Magnus Ver Magnusson – 4 WSM Titles
The second man to win four WSM titles after his compatriot Jon-Pall Sigmarsson, Magnus Ver Magnusson had one of the hardest acts to follow when he debuted in 1991. Jon-Pall is rightly regarded as one of the legends of WSM, and a lesser man would more than likely have crumbled under the weight of expectancy. MVM was an exception though, and his mental strength coupled with his tremendous physical attributes saw him excel on the WSM stage. What ensued was Ver Magnusson bridging the gap between the Sigmarsson years which ended in WSM in 1990 and the beginning of his own legacy in Tenerife twelve months later.
Possessing great foot speed and conditioning, Magnus also had the ability to remain in contact, if not at the top, during static events like the Deadlift, Squat and Log. When his consistency was factored in, he was the complete strongman package who made few mistakes and was calculating in everything that he did. It was this consistency which saw him become only the second man in history (after Bill Kazmaier) to win three consecutive WSM contests. Outside of WSM, Ver Magnusson was twice a winner and four times the runner-up in Europe’s Strongest Man, a victor in numerous other contests and eight times the Icelandic national champion. What is remarkable about this is that he first competed in Iceland’s Strongest Man in 1985 (where he placed third) and nineteen years later he took his eighth and final title. Most recently, keen-eyed WSM fans will have spotted him in attendance in 2011, accompanying his young countryman Hafþór Björnsson on his WSM debut, and proudly sporting a ‘Team Iceland’ shirt.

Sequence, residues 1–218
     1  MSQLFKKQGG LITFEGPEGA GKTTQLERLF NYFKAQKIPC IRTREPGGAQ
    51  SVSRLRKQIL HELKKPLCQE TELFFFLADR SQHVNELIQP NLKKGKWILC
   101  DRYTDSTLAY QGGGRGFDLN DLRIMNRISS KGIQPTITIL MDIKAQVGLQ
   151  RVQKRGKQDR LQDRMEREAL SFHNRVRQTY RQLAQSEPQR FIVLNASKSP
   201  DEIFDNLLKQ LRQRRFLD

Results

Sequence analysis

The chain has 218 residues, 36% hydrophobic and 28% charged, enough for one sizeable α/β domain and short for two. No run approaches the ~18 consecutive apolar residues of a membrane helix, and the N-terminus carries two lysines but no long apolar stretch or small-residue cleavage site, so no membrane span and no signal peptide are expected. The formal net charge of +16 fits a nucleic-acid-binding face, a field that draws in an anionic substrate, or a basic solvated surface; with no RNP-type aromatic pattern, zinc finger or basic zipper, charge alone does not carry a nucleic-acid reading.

In 1991 in the Canary Islands, the Icelander was not even scheduled as one of the original participants, finding himself on the reserve list. With a background as a double European powerlifting champion (in 1989 and 1991) in the 125kg class and with static power that belied his comparatively ‘light’ WSM bodyweight of 130kgs his strength credentials were not in doubt however. After his second European gold medal, which he said he won ‘by miles’ from the other competitors, Magnus wanted a new challenge. Powerlifting’s loss was to be WSM’s gain. The withdrawal of Sigmarsson from 1991 WSM opened up a spot, and Ver Magnusson moved from reserve into the eight-man contest. Showing no outward signs of apprehension Magnus Ver made the best start possible, winning his first ever event, the Loading Race. This was a discipline in which he always provided strong showings throughout his duration in WSM. The man from Iceland followed it up with a victory in the next event (Overhead Barrel Lift) and established a lead which he didn’t relinquish. Another win in the Deadlift followed, and the debutant dispelled any questions about whether he had deserved his place in the contest. His margin of victory was 7.5 points, with another accomplished powerlifter, Denmark’s Henning Thorsen, as the runner-up.
With his home country as the host twelve months later, Ver Magnusson faced, amongst others, a returning Jamie Reeves, the South African newcomer Gerrit Badenhorst, Thorsen, Gary Taylor and giant Dutchman Ted Van Der Parre. Despite winning three events, Magnus will be forever haunted by his mistake in the final discipline, the Husafell Stone. In attempting to adjust his grip midway down the course the Stone slipped from his grasp to the ground. Van Der Parre, as the last man to go simply had to beat the modest distance set by the Icelander, which he duly did. Holland took its only WSM crown to-date, and years later Magnus described it as ‘the luckiest day of Ted’s life.’ A share of second place overall was no consolation at all to the Icelander.